You can find the original article here (open access).
In this study, we made participants like and dislike other people by using a social interactive game, and then we checked how their brains responded to pictures of the co-players. In fact, there were no other players, just algorithms designed to play “fair” or not. However, we made sure the subjects were convinced otherwise: we took pics of them, “called” other labs, etc.
All participants believed they played with other people. One even tried to a co-player’s number to ask her out! Of course, after the experiment they were all informed about the deception. Then, in a Posner task, the gaze of co-players gave cues for the location of future targets. Turns out, already after 90 ms the negative player showed enhanced perceptual processing!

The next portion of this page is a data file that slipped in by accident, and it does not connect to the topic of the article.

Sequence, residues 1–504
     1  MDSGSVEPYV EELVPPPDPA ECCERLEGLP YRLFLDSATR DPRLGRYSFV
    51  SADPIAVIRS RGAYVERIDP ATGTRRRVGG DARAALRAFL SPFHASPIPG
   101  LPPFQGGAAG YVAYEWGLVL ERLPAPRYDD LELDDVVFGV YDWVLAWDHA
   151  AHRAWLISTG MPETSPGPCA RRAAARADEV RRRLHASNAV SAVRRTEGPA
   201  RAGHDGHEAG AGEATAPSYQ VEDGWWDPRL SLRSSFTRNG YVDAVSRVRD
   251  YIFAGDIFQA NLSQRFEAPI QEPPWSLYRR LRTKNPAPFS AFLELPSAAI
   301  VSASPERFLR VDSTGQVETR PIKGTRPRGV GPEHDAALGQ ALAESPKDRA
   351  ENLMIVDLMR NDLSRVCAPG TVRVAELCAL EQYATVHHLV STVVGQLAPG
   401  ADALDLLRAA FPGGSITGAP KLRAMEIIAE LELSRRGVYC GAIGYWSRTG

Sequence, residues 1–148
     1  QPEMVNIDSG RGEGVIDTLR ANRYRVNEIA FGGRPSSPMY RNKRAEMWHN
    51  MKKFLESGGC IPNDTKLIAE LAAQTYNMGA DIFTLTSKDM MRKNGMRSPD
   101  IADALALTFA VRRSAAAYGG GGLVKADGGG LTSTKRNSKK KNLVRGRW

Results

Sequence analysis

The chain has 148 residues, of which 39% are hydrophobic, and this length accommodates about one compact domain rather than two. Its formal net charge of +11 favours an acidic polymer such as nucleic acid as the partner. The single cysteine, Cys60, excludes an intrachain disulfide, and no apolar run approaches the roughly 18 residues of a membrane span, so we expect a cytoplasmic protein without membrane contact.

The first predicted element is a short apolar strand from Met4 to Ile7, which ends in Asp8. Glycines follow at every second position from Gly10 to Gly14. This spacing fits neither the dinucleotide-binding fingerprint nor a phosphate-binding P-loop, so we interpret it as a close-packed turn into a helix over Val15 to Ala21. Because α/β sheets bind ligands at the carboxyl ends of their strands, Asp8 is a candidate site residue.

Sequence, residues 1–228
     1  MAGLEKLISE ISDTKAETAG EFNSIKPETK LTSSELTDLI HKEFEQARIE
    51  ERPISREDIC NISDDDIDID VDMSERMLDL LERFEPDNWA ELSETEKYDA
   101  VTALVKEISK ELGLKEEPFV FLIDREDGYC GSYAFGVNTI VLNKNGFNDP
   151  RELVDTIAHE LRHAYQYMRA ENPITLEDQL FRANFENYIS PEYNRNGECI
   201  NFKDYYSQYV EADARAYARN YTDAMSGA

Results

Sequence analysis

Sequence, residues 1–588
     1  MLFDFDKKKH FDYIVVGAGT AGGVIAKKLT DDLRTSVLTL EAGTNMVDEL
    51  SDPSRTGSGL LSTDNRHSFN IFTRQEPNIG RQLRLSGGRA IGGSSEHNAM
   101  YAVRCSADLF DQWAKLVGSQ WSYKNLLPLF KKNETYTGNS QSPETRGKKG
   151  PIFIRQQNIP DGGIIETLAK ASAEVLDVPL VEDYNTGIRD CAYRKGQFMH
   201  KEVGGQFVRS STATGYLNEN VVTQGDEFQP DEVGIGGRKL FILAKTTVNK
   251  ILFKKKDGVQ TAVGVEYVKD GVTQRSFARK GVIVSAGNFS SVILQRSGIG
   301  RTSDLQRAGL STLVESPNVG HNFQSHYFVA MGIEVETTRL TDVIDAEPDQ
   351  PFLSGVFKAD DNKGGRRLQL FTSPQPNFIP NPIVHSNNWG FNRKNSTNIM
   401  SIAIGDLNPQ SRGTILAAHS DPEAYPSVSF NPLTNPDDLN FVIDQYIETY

Why is this study interesting?
(1) Because of increased ecological validity: we used a naturalistic social learning in an interactive exchange game to induce affective knowledge about others
(2) Because we showed *very early* (from 90 ms) modulation of brain responses by affective knowledge: emotionally charged interactions increase the saliency of the interaction partners’ faces
So, simplifying, when watching someone’s face, our brains know we dislike them before we even know what we’re seeing! It’s fascinating how higher processing (semantic knowledge) penetrates perception.